Hawking: Heaven is a fairy story for people afraid of the dark
“I regard the brain as a computer which will stop working when its components fail,”
It’s no surprise really that Stephen Hawking says there’s no room for heaven in the cosmos. The way he said it, and the quotes that are surfacing across the web this morning are a wee bit amusing, however. The pithy-ness is courtesy of an interview the famed physicist did with the Guardian newspaper.
Now 69, Hawking said, “I regard the brain as a computer which will stop working when its components fail,” he added. “There is no heaven or afterlife for broken down computers; that is a fairy story for people afraid of the dark.”
Expect the controversy, especially here in the religious-centric U.S., to ramp-up in record time tonight on the boob tubes, and YouTubes. Calling the evangelical right…
This is not the first time that Hawking is likely to draw strong reaction, in all probability equal amounts awe and ire. In 2010, in The Grand Design he proclaims there is no need for a God to explain the universe. Deepak Chopra wrote on The Huffington Post, “The Grand Design is an intellectually delightful read with many insights, and yet it devastates hope.” The Washington Post, meantime, called the conclusions groundbreaking.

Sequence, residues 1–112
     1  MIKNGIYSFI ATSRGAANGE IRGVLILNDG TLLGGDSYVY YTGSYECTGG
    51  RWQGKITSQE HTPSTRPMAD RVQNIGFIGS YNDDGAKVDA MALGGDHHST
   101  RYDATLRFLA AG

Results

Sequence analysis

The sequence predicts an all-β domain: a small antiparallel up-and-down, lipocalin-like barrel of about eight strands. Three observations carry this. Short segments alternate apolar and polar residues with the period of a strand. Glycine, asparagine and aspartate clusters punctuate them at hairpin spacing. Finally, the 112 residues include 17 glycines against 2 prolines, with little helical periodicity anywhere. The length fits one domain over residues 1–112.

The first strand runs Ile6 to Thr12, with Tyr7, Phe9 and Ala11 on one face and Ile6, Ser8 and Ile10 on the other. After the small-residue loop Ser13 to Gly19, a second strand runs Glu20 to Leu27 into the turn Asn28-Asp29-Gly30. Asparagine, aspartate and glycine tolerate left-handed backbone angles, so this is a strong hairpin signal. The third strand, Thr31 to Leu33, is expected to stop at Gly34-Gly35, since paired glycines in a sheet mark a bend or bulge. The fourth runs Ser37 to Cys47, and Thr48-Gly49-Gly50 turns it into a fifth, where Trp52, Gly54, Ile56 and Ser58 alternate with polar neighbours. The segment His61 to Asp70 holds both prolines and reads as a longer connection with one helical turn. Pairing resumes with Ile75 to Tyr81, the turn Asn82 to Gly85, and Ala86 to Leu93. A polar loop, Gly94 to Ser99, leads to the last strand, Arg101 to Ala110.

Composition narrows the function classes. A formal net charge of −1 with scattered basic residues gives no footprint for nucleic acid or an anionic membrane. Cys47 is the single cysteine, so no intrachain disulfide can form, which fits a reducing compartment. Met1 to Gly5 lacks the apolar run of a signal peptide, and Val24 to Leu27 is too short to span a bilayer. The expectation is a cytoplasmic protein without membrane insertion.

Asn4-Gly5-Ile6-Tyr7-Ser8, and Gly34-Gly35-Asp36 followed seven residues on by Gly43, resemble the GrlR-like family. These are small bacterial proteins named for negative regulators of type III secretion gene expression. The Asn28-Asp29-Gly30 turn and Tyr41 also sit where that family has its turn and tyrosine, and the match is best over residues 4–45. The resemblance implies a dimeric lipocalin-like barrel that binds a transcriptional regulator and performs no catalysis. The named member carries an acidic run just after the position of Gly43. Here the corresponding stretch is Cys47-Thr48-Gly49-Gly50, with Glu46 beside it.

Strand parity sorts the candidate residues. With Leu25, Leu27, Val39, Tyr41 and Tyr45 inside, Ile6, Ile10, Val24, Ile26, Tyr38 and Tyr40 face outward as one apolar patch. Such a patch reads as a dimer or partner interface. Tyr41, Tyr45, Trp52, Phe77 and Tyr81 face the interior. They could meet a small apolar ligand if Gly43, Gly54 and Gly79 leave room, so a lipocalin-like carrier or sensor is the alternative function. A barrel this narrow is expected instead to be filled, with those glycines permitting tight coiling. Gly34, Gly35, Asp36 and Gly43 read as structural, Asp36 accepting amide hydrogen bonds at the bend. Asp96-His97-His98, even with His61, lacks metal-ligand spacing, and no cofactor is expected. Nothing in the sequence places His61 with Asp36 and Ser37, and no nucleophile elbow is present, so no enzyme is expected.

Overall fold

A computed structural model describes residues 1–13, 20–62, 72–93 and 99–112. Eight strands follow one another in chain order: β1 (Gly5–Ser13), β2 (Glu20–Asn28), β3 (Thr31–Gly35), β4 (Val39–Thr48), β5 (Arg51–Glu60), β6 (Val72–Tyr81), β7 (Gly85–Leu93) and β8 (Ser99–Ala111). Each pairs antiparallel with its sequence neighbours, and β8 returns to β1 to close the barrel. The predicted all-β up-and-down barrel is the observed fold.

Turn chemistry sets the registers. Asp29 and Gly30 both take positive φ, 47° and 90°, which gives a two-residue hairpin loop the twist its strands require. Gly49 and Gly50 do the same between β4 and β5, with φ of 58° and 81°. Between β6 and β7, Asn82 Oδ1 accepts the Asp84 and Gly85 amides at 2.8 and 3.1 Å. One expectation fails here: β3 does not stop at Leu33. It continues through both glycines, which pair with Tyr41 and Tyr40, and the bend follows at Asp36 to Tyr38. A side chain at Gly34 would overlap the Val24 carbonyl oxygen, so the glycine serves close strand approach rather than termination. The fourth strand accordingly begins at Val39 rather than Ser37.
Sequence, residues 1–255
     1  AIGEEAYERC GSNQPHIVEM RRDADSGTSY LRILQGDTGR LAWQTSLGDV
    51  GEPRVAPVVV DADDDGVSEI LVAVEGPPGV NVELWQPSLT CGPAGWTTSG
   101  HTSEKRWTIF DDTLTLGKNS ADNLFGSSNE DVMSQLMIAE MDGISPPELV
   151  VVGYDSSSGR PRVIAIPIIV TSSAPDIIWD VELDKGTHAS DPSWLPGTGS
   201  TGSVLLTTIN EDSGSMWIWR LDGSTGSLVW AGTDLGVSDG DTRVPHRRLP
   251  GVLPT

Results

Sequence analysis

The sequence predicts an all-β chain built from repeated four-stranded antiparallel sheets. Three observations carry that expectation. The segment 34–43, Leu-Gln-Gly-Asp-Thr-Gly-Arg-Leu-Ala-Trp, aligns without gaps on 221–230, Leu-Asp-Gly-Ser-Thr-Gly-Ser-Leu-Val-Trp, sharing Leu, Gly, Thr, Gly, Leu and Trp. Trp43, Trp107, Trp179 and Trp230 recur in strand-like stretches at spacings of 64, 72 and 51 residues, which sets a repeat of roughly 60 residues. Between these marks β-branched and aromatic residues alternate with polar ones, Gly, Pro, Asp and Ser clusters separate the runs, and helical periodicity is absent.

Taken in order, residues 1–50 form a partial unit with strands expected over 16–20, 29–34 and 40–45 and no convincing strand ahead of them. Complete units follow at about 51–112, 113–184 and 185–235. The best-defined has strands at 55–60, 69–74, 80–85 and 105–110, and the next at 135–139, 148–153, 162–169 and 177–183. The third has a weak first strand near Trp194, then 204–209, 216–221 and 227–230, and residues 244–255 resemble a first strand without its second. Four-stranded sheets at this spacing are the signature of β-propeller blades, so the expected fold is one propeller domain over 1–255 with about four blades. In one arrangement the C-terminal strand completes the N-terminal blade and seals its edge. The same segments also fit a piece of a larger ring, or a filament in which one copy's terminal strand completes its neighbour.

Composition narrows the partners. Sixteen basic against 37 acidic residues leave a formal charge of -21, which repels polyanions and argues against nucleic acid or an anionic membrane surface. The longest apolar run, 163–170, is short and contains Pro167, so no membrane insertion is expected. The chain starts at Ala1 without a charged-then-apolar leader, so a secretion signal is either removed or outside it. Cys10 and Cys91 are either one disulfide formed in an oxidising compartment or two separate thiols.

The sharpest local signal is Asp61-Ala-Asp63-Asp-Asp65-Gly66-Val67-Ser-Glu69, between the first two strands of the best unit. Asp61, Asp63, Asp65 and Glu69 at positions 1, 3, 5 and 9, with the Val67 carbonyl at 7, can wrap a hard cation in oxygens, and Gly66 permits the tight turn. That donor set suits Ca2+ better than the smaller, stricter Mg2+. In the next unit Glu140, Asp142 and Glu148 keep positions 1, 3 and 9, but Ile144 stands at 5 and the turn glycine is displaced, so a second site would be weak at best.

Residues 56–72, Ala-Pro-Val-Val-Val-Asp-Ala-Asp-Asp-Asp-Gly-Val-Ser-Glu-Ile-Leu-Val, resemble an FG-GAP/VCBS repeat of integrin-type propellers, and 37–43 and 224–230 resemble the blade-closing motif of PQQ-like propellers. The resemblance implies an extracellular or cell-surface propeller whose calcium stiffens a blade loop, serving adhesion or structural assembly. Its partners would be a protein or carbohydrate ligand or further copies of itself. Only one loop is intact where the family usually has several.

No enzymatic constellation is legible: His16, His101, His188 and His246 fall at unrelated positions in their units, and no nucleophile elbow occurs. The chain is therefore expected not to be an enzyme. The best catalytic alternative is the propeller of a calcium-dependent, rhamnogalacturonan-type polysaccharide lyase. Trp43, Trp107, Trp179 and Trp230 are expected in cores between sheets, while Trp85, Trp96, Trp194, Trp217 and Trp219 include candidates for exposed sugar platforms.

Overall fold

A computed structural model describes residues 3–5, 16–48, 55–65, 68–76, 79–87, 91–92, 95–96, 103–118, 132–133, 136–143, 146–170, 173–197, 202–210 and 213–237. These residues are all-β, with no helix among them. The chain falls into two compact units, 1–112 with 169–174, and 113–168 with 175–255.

“The question is: is the way the universe began chosen by God for reasons we can’t understand, or was it determined by a law of science? I believe the second,” he said. “If you like, you can call the laws of science ‘God’, but it wouldn’t be a personal God that you could meet, and ask questions.”
Is life on earth then meaningless?
“We should seek the greatest value of our action,” he suggests.
Hawking has lived with with motor neurone disease for nearly five decades. In 2009, he faced a set back which saw him rushed to the hospital. But now he’s back at Cambridge.
Hawking is scheduled to talk today at the Google Zeitgeist conference in London and address the question “Why are we here?” Most expect him to explain it as simple random chance.